Right-wing pundits like Sean Hannity, Sarah Palin and Tucker Carlson have recently fallen head over heels for Australian WikiLeaks founder Julian Assange. President-elect Donald Trump has tried to stay distant from Assange, but he’s an open admirer of Alex Jones, the conspiracy theorist talking head who loves the hacker.
On Thursday morning, Trump tweeted that “the dishonest media likes saying that I am in Agreement with Julian Assange–wrong. I simply state what he states.” However, that follows a tweet he sent out on Wednesday morning saying “Julian Assange said “a 14 year old could have hacked Podesta” – why was DNC so careless? Also said Russians did not give him the info!” Many saw this as the president-elect believing the WikiLeaks editor-in-chief over American intelligence communities.
In a C-SPAN interview, vice-president-elect Mike Pence sidestepped the question of Assange’s credibility, stating that Donald Trump has “expressed his very sincere and healthy American skepticism about intelligence conclusions.”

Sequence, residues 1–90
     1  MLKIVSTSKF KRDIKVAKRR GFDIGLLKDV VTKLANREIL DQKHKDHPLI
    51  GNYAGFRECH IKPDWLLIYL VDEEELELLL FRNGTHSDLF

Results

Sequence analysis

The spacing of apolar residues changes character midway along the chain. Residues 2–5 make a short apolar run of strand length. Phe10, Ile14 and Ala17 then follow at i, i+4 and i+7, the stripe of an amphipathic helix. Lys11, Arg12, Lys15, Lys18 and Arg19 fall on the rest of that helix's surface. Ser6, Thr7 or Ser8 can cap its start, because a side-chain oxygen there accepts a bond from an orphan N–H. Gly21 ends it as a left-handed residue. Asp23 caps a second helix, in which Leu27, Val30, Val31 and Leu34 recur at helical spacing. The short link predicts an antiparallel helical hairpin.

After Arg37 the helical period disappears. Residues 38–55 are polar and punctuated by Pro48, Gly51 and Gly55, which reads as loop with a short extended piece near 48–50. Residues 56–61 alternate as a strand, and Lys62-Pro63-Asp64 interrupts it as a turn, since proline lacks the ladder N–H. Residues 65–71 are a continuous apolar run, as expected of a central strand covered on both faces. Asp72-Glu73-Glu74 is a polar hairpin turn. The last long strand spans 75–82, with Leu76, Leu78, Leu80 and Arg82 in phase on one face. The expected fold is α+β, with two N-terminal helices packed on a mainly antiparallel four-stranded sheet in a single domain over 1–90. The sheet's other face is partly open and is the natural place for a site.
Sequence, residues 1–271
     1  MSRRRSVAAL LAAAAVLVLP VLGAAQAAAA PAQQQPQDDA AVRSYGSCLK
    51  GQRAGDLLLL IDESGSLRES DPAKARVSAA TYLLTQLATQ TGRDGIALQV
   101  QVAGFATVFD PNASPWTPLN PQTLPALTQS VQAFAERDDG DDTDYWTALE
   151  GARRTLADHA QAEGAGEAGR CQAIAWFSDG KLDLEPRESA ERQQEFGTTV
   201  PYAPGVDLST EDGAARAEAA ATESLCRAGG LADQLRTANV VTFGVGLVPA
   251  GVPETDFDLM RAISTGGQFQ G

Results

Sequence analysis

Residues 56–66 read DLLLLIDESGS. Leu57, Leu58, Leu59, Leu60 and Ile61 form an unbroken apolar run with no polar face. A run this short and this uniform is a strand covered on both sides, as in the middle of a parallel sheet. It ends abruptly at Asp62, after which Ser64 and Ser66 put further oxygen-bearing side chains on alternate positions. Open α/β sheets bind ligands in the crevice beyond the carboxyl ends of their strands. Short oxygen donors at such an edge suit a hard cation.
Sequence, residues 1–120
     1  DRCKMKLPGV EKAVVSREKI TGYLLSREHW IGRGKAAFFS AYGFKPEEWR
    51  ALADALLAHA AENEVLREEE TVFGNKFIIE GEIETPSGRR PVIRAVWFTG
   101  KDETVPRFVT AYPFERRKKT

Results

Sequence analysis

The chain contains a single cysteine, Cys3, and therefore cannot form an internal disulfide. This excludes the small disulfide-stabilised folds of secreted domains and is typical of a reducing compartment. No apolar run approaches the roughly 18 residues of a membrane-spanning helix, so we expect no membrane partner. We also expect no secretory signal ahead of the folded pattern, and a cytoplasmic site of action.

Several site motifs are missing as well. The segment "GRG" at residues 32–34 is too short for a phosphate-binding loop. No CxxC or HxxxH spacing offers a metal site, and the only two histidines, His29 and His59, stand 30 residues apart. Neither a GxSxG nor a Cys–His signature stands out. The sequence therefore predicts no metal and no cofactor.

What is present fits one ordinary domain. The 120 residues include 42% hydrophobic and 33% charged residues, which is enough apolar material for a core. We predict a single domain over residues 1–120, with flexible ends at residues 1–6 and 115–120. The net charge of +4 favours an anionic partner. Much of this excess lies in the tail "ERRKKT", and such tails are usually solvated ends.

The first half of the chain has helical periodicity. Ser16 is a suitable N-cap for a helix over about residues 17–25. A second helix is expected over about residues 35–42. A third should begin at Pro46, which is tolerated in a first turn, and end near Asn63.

As the members of the Senate have been briefed by intelligence communities, most of them have arisen as fierce critics of the DNC hacks and Julian Assange.
Sen. Lindsey Graham (R-S.C.) said on Wednesday in a CNN interview that Trump “seems to have a blind spot” on Russia. Graham and Sen. John McCain (R-Ariz.) have both stated that they believe Russia was behind the 2016 hacks.
Wednesday, in a radio interview with Hugh Hewitt, Speaker of the House Paul Ryan described Assange as “a sycophant for Russia.”
On Thursday morning, the chiefs of the intelligence agencies testified before Congress on the Russian hacks. McCain asked Director of National Intelligence James Clapper if “there’s any credibility that we should attach to Julian Assange.” The intelligence head responded, “Not in my view.”
Trump and Pence are scheduled to be briefed about the DNC hacks by the intelligence heads on Friday.
Assange has said repeatedly that the sources of the DNC hacks were not affiliated with the Kremlin, but that is at odds with the findings of at least 17 different American intelligence agencies.